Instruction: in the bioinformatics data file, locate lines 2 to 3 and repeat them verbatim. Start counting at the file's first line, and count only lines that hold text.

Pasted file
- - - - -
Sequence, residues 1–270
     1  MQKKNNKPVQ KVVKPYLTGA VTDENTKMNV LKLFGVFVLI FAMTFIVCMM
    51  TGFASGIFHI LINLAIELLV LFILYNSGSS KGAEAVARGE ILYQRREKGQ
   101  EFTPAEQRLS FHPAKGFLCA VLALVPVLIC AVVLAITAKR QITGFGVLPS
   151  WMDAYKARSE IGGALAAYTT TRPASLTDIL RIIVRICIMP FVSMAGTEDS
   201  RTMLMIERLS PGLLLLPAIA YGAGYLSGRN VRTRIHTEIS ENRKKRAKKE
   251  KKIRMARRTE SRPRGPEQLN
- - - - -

     1  MQKKNNKPVQ KVVKPYLTGA VTDENTKMNV LKLFGVFVLI FAMTFIVCMM
    51  TGFASGIFHI LINLAIELLV LFILYNSGSS KGAEAVARGE ILYQRREKGQ